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number 2


Pipe Down, or go ahead and cut your hair, David Crosby.

By Jim Peterson

I love Thanksgiving. We cooked up a big turkey this year, 16 pounds, but ended up only serving four people, so there were leftovers for days. Finally we had picked most of the meat off the bones, and it was time to make turkey soup. Here’s what I did.

First, I put on Déjà Vu by Crosby, Stills, Nash, and Young. No real thought went into this, but I am in the middle of the great new Neil Young bio Shakey, and had just finished reading about some of the crazy, coke-fueled antics of Crosby and Stills. As it turned out, this record was key to my soup-making process.

I put the record on, and took the turkey carcass out of the refrigerator. To the strains of Carry On, I cut off the remaining drumstick and the wings. As the insipid Teach Your Children started, I considered going to the living room to skip past that song. But as I was playing an LP rather than a CD and my hands were already pretty covered with turkey grease, I was reluctant to mess around with the turntable.

Next it was time to hack up the turkey carcass. This is always kind of difficult. Unlike a chicken, it takes some real brute force (and a certain barbarism) to cut up turkey bones. This is where Déjà Vu really came in handy. As I started in with the cleaver, on came David Crosby’s tragicomic tale, Almost Cut My Hair—four minutes and twenty five seconds of overblown bellowing:

Almost cut my hair
It happened just the other day
It's gettin' kinda long
I coulda said it wasn't in my way
But I didn't and I wonder why
I feel like letting my freak flag fly
Cause I feel like I owe it to someone.

There are very few songs in rock, or any other genre, about haircuts, with good reason. It is hard to write a compelling song about a haircut, harder still to write one about a near-haircut.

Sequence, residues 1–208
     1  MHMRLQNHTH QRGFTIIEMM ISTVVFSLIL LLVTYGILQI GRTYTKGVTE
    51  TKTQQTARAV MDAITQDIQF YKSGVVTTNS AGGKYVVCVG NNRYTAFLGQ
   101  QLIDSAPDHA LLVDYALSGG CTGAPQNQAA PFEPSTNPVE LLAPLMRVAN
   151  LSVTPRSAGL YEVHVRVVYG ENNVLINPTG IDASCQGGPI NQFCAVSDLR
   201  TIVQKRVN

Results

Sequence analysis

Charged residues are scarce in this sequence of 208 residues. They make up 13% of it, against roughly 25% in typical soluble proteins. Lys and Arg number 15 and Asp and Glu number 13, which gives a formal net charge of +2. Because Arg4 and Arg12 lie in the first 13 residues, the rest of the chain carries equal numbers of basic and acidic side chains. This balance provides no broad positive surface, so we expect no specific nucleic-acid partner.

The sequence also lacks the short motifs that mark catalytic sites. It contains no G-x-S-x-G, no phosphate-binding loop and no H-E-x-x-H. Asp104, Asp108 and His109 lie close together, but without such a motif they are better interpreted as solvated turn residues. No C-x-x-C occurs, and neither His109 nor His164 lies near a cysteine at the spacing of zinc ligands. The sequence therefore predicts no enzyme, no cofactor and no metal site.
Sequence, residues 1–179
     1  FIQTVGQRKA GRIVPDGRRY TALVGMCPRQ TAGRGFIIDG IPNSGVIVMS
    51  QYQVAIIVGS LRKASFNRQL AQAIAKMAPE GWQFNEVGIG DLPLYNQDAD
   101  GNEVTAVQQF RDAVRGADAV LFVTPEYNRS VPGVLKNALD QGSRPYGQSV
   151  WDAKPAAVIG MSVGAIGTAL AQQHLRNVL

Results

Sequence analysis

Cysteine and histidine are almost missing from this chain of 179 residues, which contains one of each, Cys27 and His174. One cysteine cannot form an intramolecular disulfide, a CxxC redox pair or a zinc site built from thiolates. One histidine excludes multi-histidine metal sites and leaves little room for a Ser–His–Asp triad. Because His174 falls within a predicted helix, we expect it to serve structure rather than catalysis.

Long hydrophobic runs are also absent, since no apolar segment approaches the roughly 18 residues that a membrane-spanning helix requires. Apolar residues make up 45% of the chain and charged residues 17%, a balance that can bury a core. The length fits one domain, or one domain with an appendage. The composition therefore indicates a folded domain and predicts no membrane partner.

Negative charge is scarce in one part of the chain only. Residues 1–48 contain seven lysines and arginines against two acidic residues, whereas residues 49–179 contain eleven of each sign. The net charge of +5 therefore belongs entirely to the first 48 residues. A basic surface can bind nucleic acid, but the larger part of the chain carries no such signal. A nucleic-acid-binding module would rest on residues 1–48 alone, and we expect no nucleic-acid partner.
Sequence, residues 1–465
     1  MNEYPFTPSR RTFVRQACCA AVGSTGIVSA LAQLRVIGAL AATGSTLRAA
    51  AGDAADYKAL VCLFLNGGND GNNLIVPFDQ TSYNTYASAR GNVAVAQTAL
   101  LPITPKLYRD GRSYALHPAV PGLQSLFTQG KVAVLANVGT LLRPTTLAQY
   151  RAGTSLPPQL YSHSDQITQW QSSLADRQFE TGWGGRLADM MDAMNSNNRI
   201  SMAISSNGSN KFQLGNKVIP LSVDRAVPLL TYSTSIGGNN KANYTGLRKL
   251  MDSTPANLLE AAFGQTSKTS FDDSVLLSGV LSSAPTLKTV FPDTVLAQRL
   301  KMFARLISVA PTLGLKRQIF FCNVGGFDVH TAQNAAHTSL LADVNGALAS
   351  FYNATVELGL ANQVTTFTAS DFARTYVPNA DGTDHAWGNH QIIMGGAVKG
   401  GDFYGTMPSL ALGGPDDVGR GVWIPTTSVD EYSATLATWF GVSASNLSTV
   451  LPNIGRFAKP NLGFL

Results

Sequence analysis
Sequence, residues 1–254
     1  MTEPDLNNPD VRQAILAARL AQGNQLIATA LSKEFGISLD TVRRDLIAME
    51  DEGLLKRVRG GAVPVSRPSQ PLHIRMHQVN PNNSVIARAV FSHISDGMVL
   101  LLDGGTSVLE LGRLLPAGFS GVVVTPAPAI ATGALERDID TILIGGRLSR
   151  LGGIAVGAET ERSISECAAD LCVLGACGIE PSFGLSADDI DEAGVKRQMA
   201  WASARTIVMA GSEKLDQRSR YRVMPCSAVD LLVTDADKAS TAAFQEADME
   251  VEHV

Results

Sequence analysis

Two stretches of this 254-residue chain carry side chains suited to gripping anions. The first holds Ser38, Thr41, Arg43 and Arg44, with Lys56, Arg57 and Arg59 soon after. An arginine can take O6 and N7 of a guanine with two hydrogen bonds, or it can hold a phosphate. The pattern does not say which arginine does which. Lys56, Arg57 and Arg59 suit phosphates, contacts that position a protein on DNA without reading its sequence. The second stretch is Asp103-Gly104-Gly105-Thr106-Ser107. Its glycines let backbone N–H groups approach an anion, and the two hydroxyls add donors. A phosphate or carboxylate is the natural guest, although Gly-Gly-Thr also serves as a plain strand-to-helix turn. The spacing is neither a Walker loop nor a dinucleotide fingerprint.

Cleaver in hand, I was able to tap into David’s righteous anger at almost cutting his hair, and to augment it with my own ire at the fact that this self-indulgent song was ever recorded. In no time I hacked through the breast and back bones, cut the results into smaller pieces, and was ready to add them to the stock pot.

Turkey Broth

1 turkey carcass
Water to cover, 3 – 4 quarts
4 carrots
4 celery stalks, with leaves
1 cup sliced fennel bulb
2 medium onions
3 bay leaves
1/2 bunch of parsley
1 Tbsp whole peppercorns

Combine all ingredients in a large stock pot. Bring to a boil, then simmer gently for 4 hours.

Turkey Soup

Turkey broth (above)
4 carrots
1 onion
4 celery stalks
2 garlic cloves
1 cup wild rice
1 tsp. Salt
Freshly ground pepper

Pick as much meat as you care to off the bones. Reserve. Cool broth and skim off fat.

I like to cook the wild rice separately, so it doesn’t absorb the turkey broth, which can result in more of a stew than a soup. Cook the wild rice for 30 minutes in two cups of water or chicken broth.

Add broth back to stock pot, along with meat. Add vegetables. Cook for about 20 minutes. Adjust seasonings, add the rice and continue cooking for 10 more minutes.

Jim Peterson is the former manager of Garage D'or Records in Minneapolis, and is now a librarian living in Oak Park, IL

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